By Chris Rivera
A 2014 study, by Martin Gilens, of Princeton, and Benjamin Page, of Northwestern, found that America is no longer a democracy, but rather it is an oligarchy. Their research included a study between the years 1981 through 2002 and compared 1,800 policies that were put together by politicians and through their analysis they arrived at the conclusion that wealthy individuals have a bigger impact over the policies that are implemented over the views of the middle-class and lower class.
Gilens and Page write in their report, “Our analyses suggest that majorities of the American public actually have little influence over the policies our government adopts.”
They also write that:
What do our findings say about democracy in America? They certainly constitute troubling news for advocates of “populistic” democracy, who want governments to respond primarily or exclusively to the policy preferences of their citizens. In the United States, our findings indicate, the majority does not rule—at least not in the causal sense of actually determining policy outcomes.
When a majority of citizens disagrees with economic elites or with organized interests, they generally lose. Moreover, because of the strong status quo bias built into the U.S. political system, even when fairly large majorities of Americans favor policy change, they generally do not get it.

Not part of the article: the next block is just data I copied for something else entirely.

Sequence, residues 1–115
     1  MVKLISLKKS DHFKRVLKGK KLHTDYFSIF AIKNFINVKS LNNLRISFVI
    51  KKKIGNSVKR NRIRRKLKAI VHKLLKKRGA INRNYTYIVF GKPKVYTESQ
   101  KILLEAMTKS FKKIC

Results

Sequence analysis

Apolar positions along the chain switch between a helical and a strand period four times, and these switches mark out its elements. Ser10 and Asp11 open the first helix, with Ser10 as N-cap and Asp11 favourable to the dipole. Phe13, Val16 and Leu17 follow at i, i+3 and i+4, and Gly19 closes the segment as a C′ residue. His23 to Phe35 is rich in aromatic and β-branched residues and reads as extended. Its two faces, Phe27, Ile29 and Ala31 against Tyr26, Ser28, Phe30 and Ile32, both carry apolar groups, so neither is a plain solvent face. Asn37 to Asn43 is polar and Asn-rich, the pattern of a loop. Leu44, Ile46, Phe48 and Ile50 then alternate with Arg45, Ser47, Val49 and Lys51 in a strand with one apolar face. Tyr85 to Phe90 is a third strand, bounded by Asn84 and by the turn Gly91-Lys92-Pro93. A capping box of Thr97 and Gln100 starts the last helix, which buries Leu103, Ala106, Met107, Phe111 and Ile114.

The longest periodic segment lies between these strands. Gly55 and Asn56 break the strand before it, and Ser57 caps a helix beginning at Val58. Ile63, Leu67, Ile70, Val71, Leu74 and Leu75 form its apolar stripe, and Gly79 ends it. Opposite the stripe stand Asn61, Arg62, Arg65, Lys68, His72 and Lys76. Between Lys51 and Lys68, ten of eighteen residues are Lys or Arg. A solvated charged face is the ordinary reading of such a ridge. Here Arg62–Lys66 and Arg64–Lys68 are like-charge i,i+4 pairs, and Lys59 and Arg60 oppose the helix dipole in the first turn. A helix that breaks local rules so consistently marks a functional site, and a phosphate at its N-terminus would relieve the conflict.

Many may be saying, “So what? We already knew this,” and begin to discuss how one percent of Americans control ninety percent of the wealth; or how the one percent of Americans will have accumulated half of the world’s wealth. Or even how the Middle-Class keeps dwindling down to the point where it is non-existent. This is not news at all, but rather evidence for information that we already knew.
America is going to remain an oligarchy as long as Citizens United remains in place. The ruling, by the Supreme Court, which recognized that “First Amendment protection extends to corporations,” which allowed for money to be the same as speech, thus the more money one has the more speech they are afforded.
We are in a time where American politicians are like Kickstarter users. For those of you who are unaware what Kickstarter.com is it is a site that allows for people who have an idea for a project and if people are interested in that project they can donate money to make it happen.
As long as you have a billionaire to finance your campaign you can thrive through. After Ted Cruz announced to the public he was running for president in 2016, it was reported that Wall Street hedge fund magnate, Robert Mercer, raised $31 million in just a few weeks into Ted Cruz’s campaign.
“It just takes a random billionaire to change a race and maybe change the country,” Trevor Potter, a Republican finance lawyer, told The New York Times. “That’s what’s so radically different now.”
But it isn’t just Republicans who are seeking wealthy investors it is Democrats as well. According to Politico, “The 100 biggest donors of 2014 gave nearly $174 million to Democrats, compared to more than $140 million to Republicans.” Politico also reports how retired San Francisco hedge fund billionaire, Tom Steyer, spent $74 million helping Democratic candidates.
If this is not enough to show how money is abundant in politics, let us examine Romney and Obama’s 2012 presidential bid; Politico reports that Obama spent $1.123 billion, where Romney spent $1.019 billion, which comes to show you as long as you have the finances you can run for public office.
In a recent poll it shows how 84 percent of Americans think that money has too much of an influence over political campaigns. The poll shows how 80 percent of Republicans, 90 percent of Democrats, and 84 percent of Independents feel that there is too much money in politics.